What is unlevered free cash flow?
UFCF (Unlevered free cash flow) refers to the cash available to a firm before accounting for financial obligations. It can be interpreted as the gross cash flow generated by the company.
The unlevered cash flow is of interest to investors and shareholders as they use these values from a company’s annual statement to determine the future returns on their present investments. It indicates a business’s potential for expansion and growth.
What’s covered in the article
Unlevered free cash flow helps in determining the enterprise value of a firm.
The free cash flow represents cash available from operations to make payments to all stakeholders, including vendors, employees, interest and loan payments, dividends, etc.
The company’s cash flow statement shows whether the company’s cash is generated or lost and the sources of cash for an accounting period.
Financial Accounting Standards Boards’ Statement 95 mandates the classification of business activities into the following categories for creating cash flow statements:
- Cash flows from operating activities (can use direct or indirect method)
- Cash flows from financing activities
- Cash flows from investing activities
Unlevered free cash flow involves the following components for its calculation;
- Earnings before interest, depreciation, taxes, and amortization (EBITDA),
- Capital Expenditures (CAPEX),
- and Working Capital.
CAPEX represents investments in buildings, machinery, and equipment. Working capital includes inventory, accounts receivables, and accounts payables.
How does Unlevered Free Cash Flow Work?
Before diving deeply into unlevered free cash flow’s mechanisms, it is important to understand that unlevered free cash flow is also considered a discounted cash flow.
Discounted cash flow is a valuation method for estimating the investment value based on anticipated future cash flows. Discounted cash flow analysis helps businesses decide whether to invest in an asset, project, security, etc.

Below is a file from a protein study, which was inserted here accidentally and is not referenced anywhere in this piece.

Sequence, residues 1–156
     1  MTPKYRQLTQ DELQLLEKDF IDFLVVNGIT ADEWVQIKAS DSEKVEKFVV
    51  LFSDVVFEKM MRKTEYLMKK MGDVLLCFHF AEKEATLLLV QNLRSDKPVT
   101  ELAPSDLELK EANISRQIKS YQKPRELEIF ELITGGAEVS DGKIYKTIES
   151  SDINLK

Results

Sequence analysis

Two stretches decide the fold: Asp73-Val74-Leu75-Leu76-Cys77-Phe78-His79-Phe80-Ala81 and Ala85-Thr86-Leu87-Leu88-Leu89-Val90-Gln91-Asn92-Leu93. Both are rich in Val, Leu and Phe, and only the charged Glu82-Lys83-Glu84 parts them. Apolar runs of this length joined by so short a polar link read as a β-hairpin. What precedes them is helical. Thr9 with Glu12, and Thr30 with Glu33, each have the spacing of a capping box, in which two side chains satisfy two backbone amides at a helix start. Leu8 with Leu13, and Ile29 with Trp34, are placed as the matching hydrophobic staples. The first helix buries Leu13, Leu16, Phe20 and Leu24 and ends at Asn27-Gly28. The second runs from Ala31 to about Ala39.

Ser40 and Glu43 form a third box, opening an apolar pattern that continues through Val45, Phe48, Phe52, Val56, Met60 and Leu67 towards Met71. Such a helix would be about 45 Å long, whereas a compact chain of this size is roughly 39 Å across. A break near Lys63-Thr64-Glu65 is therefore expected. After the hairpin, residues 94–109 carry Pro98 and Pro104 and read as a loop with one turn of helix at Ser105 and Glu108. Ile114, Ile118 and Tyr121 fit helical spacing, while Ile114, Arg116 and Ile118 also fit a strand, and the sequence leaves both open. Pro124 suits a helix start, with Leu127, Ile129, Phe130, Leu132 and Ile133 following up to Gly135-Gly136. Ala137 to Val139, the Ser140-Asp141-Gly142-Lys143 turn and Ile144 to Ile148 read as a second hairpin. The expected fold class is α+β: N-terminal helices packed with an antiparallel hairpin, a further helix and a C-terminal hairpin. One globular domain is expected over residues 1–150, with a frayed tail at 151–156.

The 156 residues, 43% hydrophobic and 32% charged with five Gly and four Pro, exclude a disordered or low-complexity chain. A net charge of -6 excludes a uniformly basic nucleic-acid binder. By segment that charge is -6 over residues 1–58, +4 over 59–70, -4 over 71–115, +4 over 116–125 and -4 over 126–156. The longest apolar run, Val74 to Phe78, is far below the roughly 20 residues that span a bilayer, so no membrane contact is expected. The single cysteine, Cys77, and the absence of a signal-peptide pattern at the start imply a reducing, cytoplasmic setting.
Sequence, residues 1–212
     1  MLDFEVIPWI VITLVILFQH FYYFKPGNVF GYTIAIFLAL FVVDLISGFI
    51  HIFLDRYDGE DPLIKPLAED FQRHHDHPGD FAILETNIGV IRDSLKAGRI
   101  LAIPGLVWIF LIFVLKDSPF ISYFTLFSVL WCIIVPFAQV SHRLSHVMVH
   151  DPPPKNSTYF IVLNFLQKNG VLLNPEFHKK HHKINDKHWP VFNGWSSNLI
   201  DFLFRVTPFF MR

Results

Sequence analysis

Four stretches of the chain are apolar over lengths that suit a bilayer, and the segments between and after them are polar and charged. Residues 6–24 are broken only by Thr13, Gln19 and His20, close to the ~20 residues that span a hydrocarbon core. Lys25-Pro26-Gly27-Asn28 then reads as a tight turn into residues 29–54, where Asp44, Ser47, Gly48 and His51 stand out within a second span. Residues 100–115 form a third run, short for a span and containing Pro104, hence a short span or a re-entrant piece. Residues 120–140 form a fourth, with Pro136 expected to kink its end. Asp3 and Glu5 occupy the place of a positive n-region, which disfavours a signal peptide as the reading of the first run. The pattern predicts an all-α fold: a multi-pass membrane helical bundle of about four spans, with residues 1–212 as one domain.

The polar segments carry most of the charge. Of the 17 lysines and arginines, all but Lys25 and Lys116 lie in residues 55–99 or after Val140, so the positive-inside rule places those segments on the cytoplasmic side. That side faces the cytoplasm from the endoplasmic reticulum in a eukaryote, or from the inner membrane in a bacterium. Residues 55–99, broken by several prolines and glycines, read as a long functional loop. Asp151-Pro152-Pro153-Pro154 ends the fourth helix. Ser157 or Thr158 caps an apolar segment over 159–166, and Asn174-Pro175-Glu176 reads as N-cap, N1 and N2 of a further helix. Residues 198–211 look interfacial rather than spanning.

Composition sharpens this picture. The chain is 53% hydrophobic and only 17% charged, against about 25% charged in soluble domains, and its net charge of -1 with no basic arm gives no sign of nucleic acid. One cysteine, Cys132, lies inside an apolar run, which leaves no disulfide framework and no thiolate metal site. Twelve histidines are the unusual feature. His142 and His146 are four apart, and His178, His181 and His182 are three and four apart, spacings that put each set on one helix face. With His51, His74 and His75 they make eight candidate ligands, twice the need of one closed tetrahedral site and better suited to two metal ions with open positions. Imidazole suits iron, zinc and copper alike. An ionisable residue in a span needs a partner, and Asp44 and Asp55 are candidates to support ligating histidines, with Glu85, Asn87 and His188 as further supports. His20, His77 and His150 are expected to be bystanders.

In discounted cash flows analysis, there are majorly three components:
- Projecting free cash flows: The amount of cash that a company’s business operations will generate after covering operating and capital expenses is known as the free cash flow forecast.
- Discount Rate: The firm’s capital cost is the discount rate. This rate converts future cash inflows into dollar equivalents, acting as an interest rate.
- Terminal Value: End-of-projectional-period value, or terminal value, is the anticipated future worth of the company.
Both levered and unlevered cash flow projections are used in the first portion of the free cash flow projections. In your discounted cash flow analysis, you can utilize either leveraged or unlevered funds for the free cash flow amount. The option you select will have a substantial influence on future valuations.
A company may also monitor unlevered free cash flow to showcase the business more positively to shareholders and potential buyers. Businesses that are “highly leveraged,” i.e., having high debt levels, often report unlevered cash flow rather than levered cash flow. As a result, the firm can depict a larger operating capital, making it seem more profitable and solvent than it actually is.
Investors and potential buyers can also benefit from unlevered free cash flow in addition to business owners. When buying a company, paying down debts to increase a firm’s long-term market worth is often one of the investors’ objectives.
Investors will thus be interested in learning the unlevered free cash flow value, which shows how much capital will eventually be accessible after making interest payments and reducing the net debt level.
How to Calculate Unlevered Free Cash Flow?
In accounting terms, EBIT (earnings before interest and taxes) computed in the income statement is used to calculate free cash flows.
The default result of a cash flow statement computation is unlevered free cash flow.
For calculating unlevered free cash flow, the following adjustments are made to EBIT:
- taxes paid are subtracted
- depreciation and amortization are added (as they were non-cash expenses)
- increase in working capital is subtracted
- Subtract capital expenditures (CAPEX)